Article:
• The next six months could mark important progress for the Western Balkan countries despite Belgium's cautious line. Croatia could close all but one of the negotiation chapters. Macedonia is close to getting a date for the opening of accession negotiations with the EU. Montenegro can count on a positive "avis" (opinion) from the European Commission for its candidate status. The Serbian application could be forwarded to the EU commission for an opinion on Serbia's readiness to become a candidate as well. Kosovo might receive some kind of a roadmap for its Stabilisation and Association Agreement (SAA) with the EU. Bosnia-Herzegovina and Albania can hope for visa liberalisation before the end of the year. Croatia is well-placed to close all its negotiation chapters, with the exception of the famous No. 23 on Judiciary and Fundamental Rights, which will remain to be concluded during the Hungarian Presidency in the first half of 2011. Still, problems could emerge with othe chapters, for example competition. Macedonia is close to finding a win-win solution to its name dispute with Greece. Talking to WAZ.EUobserver, EU diplomats in Brussels expressed cautious optimism that the name problem could be solved in the next months. This would allow the EU finally to set the date that Skopje has been waiting for since 2005 - for formal negotiations to start on Macedonia's entry into the EU.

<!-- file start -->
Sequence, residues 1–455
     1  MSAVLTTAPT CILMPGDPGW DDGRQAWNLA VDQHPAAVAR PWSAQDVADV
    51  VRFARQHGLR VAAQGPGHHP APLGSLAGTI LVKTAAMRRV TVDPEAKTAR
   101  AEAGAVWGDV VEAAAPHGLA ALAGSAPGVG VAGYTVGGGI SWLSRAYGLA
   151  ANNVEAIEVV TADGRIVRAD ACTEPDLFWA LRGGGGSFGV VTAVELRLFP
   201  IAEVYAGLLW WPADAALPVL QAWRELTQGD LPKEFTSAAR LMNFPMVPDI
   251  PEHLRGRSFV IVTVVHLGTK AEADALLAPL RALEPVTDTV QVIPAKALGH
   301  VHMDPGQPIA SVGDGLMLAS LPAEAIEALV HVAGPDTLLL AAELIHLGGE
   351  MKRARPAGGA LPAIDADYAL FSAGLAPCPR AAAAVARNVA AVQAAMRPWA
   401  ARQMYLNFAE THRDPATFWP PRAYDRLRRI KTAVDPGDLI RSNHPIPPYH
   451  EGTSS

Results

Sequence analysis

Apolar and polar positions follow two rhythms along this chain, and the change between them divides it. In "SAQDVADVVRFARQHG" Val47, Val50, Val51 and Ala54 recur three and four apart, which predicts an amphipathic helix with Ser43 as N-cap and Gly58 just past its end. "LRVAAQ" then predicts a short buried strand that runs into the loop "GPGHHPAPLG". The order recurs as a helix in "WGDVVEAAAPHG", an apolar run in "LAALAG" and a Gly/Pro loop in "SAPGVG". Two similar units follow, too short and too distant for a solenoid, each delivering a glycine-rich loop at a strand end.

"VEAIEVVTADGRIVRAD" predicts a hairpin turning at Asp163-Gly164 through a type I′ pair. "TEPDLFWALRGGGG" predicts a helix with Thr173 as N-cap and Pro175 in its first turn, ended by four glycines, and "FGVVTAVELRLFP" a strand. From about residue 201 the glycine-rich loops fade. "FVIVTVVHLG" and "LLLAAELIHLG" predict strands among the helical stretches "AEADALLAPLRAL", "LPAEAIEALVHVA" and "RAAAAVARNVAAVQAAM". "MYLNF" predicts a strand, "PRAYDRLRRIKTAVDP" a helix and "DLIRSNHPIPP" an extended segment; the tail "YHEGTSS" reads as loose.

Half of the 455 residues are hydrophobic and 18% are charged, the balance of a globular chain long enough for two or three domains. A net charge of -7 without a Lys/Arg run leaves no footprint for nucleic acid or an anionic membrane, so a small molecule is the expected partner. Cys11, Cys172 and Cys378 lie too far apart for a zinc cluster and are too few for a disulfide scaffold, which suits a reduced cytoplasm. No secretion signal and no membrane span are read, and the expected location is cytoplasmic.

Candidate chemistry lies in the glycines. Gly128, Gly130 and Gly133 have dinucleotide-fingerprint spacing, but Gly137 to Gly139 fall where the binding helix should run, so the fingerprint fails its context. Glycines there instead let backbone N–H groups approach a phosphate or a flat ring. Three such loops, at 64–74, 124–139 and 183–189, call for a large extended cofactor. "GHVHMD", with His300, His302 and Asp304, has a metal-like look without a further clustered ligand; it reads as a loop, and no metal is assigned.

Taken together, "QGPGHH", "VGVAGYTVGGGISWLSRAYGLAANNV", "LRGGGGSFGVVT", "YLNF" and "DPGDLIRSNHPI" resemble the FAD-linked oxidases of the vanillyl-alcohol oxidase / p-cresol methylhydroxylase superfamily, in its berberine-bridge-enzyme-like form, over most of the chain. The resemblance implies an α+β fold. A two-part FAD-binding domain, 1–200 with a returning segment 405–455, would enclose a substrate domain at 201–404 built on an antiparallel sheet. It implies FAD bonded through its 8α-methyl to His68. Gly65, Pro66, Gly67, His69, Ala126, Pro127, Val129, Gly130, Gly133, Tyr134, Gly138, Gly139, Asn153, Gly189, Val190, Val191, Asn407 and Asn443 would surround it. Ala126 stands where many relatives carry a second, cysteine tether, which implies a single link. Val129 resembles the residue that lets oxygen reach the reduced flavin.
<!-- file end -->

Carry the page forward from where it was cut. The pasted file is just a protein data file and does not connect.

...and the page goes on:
Prof. Dr  Wolfgang Schumann

23.06.10: Belgium to move quietly on EU enlargement policy - 0 views

  • The upcoming Belgian EU Presidency has not specifically cited enlargement among its top priorities but is widely expected to help Croatia and Iceland reach important milestones in their accession bids over the next six months.
  • Croatia is expected to conclude its EU accession negotiations during the Belgian EU Presidency, while Iceland will formally start membership talks, political analysts told EurActiv. Although officially Belgium is being "discrete" as to its intentions (see 'Background'), Croatia can expect to finalise membership talks during Belgian Presidency, which starts on 1 July, according to Piotr Maciej Kaczyński of the Centre for European Policy Studies (CEPS) in Brussels.